· Jan 23 2m read


In general Global Streams are data objects embedded in Classes / Tables.
Using and viewing them with SQL is normally a part of the access to the containing tables.


During debugging or searching for strange or unexpected behavior there could be the need to 
get closer to the stored stream. No big problem with direct access to Globals with SMP or Terminal.
But with SQL you are lost.
So my tool provides dynamic access to Global Streams wherever you may need this
Special thanks to  @Oliver Wilms  for the inspiration for this tool.    

Mapping of globals to SQL is a rather traditional art from past.
Though Global Streams are somehow specialized.
But even as their Object classes have changed their representation in Global is the same.

The tricky point is that we see 4 different types of Global Streams in a common structure
Only the embedding Class /Table knows the meaning of the content.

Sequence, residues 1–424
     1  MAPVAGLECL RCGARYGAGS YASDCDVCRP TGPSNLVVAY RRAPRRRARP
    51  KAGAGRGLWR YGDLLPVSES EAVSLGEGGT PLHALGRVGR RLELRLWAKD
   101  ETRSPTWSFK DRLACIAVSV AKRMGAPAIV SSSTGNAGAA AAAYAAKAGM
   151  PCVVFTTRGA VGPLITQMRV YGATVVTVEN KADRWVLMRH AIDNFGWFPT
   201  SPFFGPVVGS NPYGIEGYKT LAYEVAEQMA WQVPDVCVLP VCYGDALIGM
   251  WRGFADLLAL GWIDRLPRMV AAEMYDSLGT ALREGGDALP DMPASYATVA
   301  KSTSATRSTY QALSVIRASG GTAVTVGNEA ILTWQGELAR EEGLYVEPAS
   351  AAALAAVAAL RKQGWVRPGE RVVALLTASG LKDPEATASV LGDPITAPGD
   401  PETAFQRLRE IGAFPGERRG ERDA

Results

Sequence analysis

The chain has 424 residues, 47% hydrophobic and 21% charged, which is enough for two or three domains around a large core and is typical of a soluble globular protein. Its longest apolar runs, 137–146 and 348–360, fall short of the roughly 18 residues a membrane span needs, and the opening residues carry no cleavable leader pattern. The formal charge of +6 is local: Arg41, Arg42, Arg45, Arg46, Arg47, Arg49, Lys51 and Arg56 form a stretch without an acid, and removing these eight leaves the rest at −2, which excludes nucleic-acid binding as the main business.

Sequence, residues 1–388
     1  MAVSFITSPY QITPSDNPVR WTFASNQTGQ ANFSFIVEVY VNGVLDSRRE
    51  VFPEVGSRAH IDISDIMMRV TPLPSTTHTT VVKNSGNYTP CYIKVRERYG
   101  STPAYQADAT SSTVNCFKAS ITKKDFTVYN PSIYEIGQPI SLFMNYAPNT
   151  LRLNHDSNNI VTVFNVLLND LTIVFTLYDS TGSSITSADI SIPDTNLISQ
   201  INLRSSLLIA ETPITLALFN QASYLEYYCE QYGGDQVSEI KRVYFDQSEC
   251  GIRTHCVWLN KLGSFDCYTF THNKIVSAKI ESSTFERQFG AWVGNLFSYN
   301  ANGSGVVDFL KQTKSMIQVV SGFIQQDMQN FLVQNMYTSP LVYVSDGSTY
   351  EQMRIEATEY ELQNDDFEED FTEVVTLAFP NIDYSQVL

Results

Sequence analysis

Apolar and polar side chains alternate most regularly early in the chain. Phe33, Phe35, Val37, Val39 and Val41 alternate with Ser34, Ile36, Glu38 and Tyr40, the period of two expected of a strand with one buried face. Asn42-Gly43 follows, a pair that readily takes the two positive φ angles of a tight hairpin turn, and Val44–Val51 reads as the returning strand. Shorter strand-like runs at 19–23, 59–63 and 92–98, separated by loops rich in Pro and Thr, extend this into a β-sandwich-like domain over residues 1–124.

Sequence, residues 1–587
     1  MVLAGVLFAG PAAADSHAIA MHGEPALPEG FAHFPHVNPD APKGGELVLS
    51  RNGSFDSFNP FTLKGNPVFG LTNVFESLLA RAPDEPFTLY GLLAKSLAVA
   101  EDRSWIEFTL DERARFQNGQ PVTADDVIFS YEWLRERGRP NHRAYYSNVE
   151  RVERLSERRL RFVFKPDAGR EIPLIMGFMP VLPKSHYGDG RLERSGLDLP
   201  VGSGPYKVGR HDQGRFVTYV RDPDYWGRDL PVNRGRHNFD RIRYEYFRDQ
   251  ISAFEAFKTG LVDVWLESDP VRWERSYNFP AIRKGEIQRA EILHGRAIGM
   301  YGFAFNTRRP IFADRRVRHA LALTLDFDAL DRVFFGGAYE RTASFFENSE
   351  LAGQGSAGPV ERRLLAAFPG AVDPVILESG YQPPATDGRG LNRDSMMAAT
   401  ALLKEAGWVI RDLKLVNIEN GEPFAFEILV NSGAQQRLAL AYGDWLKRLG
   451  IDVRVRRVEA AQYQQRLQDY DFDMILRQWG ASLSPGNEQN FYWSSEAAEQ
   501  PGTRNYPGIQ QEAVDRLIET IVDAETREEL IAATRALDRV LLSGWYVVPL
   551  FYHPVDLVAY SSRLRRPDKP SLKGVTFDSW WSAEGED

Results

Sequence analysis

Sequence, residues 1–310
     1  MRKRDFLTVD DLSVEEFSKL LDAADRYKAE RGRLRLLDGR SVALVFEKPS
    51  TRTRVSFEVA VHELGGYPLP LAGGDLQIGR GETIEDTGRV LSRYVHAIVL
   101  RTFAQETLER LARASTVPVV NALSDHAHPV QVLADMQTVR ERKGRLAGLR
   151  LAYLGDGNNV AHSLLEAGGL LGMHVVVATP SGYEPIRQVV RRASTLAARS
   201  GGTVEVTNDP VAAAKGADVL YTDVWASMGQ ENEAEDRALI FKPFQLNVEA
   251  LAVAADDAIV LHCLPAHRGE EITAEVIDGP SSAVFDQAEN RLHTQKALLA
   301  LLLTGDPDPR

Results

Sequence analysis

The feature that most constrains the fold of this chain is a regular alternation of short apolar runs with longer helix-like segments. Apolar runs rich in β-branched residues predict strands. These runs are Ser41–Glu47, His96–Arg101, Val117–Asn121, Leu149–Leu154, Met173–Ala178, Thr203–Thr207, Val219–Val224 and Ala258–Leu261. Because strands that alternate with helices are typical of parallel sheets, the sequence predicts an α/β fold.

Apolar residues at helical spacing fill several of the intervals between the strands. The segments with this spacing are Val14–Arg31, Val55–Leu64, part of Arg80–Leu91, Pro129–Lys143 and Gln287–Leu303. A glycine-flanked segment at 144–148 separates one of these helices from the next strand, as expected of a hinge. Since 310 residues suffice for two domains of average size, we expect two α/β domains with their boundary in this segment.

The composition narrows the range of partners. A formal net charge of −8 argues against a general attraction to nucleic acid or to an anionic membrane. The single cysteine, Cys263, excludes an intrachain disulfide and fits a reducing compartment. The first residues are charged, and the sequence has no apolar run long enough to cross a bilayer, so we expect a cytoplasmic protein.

• %Stream.GlobalCharacter   -  raw text
  • %Stream.GblChrCompress - zipped text
  • %Stream.GlobalBinary - raw binary sequence
  • %Stream.GblBinCompress - zipped binary sequence

The Global itself has no indication, of what format it holds.
Dumping the Global just helps for raw text, the rest needs special treatment.
In combination with SQL you meet the problem of maximum field lengths.

I cover this issue by mapping all 4 types over the same stream and the user decides.
In addition, the total size and number of subnodes is also available.
For string manipulation, the first subscript level is also available as "body" VARCHAR
The Global Stream to examine is provided by a static where clause like this:

select * from rcc.gstream where rcc.use('^txtS')=1


WinSQL is friendly enough to let you see the full content. eg. for id=1  chr

and czip

with SQL the compressed data can be viewed unzipped.



Discussion (1)1
Log in or sign up to continue